And here I am, a computer programmer. Go figure. I guess what I’m saying is that my image of myself as a words only person is just that: an image. I actually do have this well of unappreciated ability in the less subjective. One of the places this shows up most is in data sets.

I just cannot resist real numbers. If it can be measured, it makes me happy. For example, as you may recall, I carefully measured and calculated my milk production while pumping at work, doing my best to note and avoid problems with my data set. Why? Um, because data is cool? And of course, halfway through you think of other data you should’ve collected (time spent pumping, quality of audio book being listened to, frigidity of server room and impact on milk production).

So for Christmas my brother bought me a Wii fit. It plays exactly into my weakness. Oh, the Wii throws off fantastic data! It has charts and graphs. How much of the time I spent in my workout was done using strength training exercises? How consistent have I been? How many calories did I burn doing X activity? What is my BMI, with a precision of 2. Love! Love love! Data! It gets even better for me, because I find data highly motivational. Give me a measurable objective and watch me make it and then exceed it by a little bit because, um, that’s just how I roll. So fantastic, right?

Well…. there’s just one problem. Let’s say I have half an hour to workout (aka: a miracle has occurred). Which activity is likely to produce the best fitness results: Wii fit, or a half hour fitness workout (I have a Bollywood dance workout DVR’d I’m dying to try)? Chances are the non-Wii workout will get my heart rate higher longer. But! But but! It won’t provide me with the delicious, delicious data I crave. I’ll have to go by estimates and feelings! Bah!

Exercise isn’t the only place where I face this conflict between the measurable and the likely more effective. This happens all the time in food. For example, which one of these is probably all-over better for you: the delicious turkey-burgers my husband made for dinner last night, or a frozen Healthy Choice dinner? Right. Homemade food from actual ingredients has numerous benefits over prepackaged “food” products – not the least of which is taste. Now, which one of these is easily quantified? That would be the prepackaged one, of course. On the other hand, this “from scratch” food may have nutritional surprises. I’m pretty sure that the turkey-burgers were pretty healthy, but what about the chili that I make about once every two weeks? I think it’s pretty decent nutritionally, but I could be wrong.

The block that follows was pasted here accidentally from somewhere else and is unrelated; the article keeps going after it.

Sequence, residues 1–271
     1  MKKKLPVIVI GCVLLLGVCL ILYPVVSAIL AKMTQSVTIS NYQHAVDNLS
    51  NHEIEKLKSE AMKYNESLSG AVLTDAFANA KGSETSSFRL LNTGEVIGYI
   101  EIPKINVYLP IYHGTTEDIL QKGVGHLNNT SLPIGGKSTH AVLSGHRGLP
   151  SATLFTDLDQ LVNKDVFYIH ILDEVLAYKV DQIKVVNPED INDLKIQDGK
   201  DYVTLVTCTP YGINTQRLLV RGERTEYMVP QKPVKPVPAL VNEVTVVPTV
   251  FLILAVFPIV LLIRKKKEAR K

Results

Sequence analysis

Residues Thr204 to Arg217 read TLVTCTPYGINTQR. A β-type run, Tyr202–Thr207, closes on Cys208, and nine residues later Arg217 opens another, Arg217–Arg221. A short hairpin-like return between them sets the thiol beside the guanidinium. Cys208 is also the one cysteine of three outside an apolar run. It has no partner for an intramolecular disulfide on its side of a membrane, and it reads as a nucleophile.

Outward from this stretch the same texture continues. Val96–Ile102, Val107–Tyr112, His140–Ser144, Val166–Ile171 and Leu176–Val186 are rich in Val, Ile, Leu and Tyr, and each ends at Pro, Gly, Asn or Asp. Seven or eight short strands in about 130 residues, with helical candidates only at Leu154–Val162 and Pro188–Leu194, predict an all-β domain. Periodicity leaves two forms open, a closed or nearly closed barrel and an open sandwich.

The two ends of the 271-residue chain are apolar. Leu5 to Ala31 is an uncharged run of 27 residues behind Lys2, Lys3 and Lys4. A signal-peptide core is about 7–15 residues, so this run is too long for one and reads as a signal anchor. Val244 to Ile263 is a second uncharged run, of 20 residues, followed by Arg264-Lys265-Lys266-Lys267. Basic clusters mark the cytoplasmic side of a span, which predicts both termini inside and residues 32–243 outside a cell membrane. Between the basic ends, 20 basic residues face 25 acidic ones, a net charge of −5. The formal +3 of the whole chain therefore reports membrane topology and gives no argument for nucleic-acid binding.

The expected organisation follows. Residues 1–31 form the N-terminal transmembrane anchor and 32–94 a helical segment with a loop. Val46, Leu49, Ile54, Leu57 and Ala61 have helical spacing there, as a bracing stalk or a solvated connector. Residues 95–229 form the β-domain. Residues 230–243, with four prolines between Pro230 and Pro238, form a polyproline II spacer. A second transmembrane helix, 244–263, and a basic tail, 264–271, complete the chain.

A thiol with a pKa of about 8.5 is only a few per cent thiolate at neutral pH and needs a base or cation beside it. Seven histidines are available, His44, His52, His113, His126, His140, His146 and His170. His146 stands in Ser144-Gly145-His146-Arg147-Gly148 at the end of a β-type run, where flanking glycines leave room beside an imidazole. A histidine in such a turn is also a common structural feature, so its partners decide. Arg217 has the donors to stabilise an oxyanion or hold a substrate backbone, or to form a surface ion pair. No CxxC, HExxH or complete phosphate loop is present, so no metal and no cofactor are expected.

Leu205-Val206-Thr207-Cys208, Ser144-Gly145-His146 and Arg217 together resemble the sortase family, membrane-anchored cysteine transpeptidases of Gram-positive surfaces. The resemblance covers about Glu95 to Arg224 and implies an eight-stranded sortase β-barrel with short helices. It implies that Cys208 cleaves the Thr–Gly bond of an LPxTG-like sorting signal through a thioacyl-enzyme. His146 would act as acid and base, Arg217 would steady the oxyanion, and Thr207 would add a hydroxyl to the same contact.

So I can rigorously and accurately count calories, or I can make my food from scratch.

The last time I set about losing baby-weight, I accomplished it through rigorous calorie counting in both intake and output. I believe that I switched the way I ate from a mostly home cooked to more prepared. That’s harder now, because there are more people eating the food we cook. I don’t think I’m willing to do that again. (Also, the site I used for calorie counting is still stuck in Web 1.0 and has a painful interface. Oh, for an iPhone with a food and exercise log app!) It will be interesting to see whether I can pull this off: reduce calories and exercise regularly without constant data streams and numbers. So motivational do I find numbers, I’m actually not entirely sure I can.

What about you? Do you love data or find it irrelevant or constrictive? What pointless data sets do you obsessively maintain? What are other circumstances are there conflicts between an optimal outcome and a measurable outcome? Which one do you pick when they are in conflict: optimal or measurable?